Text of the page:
}
def pixelsort(image_name, mode, row=True, reverse=False):
# PARAMETERS
# image_name: name of image file
# mode: mode to sort by
# row: sort rows if True, otherwise sort by columns
# reverse: sort in reverse if True
picture = Image.open(image_name)
if row: # convert numpy array to regular python list
pixels = np.array(picture).tolist()
else:
# if you want to sort columns instead of row, just flip the image over its diagonal
pixels = np.array(picture).transpose().tolist()
for y in pixels:
# sort each row (or column)
y.sort(key=mode, reverse=reverse)
pixels = np.asarray(pixels, dtype='uint8')
if not row:
# flip back over the diagonal if sorting by columns
pixels = pixels.transpose()
# convert back to image
im = Image.fromarray(pixels, 'RGB')
im.show()
return im
pixelsort('image.jpg', mode['red'], True) # 'sort image's rows by red'
```

I added comments for further code clarity, hopes this helps :)

Edit: I realize you probably want to save the pixelsorted images, so here's a little function to do that. Let me know if there's anything else I can help with!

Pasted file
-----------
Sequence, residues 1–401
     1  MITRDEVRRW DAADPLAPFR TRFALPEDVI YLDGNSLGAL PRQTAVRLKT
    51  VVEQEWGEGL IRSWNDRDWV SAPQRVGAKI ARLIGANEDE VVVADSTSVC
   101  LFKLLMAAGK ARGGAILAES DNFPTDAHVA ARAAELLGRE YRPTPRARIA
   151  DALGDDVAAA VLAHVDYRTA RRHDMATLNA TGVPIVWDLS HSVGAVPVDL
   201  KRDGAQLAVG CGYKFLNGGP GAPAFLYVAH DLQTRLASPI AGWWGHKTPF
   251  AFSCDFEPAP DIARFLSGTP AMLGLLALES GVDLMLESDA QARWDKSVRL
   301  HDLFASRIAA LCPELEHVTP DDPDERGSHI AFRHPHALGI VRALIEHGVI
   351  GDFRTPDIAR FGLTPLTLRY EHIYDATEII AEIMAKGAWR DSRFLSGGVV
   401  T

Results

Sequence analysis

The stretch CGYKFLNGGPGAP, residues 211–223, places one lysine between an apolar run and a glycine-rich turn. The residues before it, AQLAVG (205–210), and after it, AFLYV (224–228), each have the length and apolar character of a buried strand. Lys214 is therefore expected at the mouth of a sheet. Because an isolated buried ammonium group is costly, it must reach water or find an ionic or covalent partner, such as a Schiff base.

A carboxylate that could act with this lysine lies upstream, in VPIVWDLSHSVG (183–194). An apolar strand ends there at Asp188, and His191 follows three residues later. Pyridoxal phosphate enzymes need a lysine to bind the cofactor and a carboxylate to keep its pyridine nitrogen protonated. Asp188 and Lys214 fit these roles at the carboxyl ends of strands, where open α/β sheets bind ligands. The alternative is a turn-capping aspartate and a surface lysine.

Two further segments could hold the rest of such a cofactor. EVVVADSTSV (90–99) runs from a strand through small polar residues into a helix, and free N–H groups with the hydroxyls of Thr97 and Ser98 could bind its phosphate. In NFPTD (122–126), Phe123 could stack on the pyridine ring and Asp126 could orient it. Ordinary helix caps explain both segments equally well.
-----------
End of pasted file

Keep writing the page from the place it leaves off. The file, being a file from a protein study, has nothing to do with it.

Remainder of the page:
```
def save_as(image, name='sorted.jpg'):
image.save(name)
image = pixelsort('image.jpg', mode['red'], True) #pixelsort
save_as(image, 'pixelsort.jpg') #save image
```

Edit 2: Added start and stop heuristics, Edit 3: Added modes to sort by hue, saturation, and lightness

```
from PIL import Image
import numpy as np
def hue(x):
r = x[0] / 255
g = x[1] / 255
b = x[2] / 255
Cmax = max(r, g, b)
Cmin = min(r, g, b)
delta = Cmax - Cmin
if delta == 0:
hue = 0
elif Cmax == r:
hue = 60 * (((g-b)/delta)%6)
elif Cmax == g:
hue = 60 * ((b-r)/delta + 2)
else:
hue = 60 * ((r-g)/delta + 4)
return hue
def lightness(x):
r = x[0] / 255
g = x[1] / 255
b = x[2] / 255
Cmax = max(r, g, b)
Cmin = min(r, g, b)
return (Cmax + Cmin) / 2
def saturation(x):
r = x[0] / 255
g = x[1] / 255
b = x[2] / 255
Cmax = max(r, g, b)
Cmin = min(r, g, b)
delta = Cmax - Cmin
if delta == 0:
sat = 0
else:
sat = delta / (1 - abs(2 * lightness(x) - 1))
return sat
mode = {
'sum-rgb': lambda x: x[0] + x[1] + x[2], # sort by sum of rgb values (grayscale)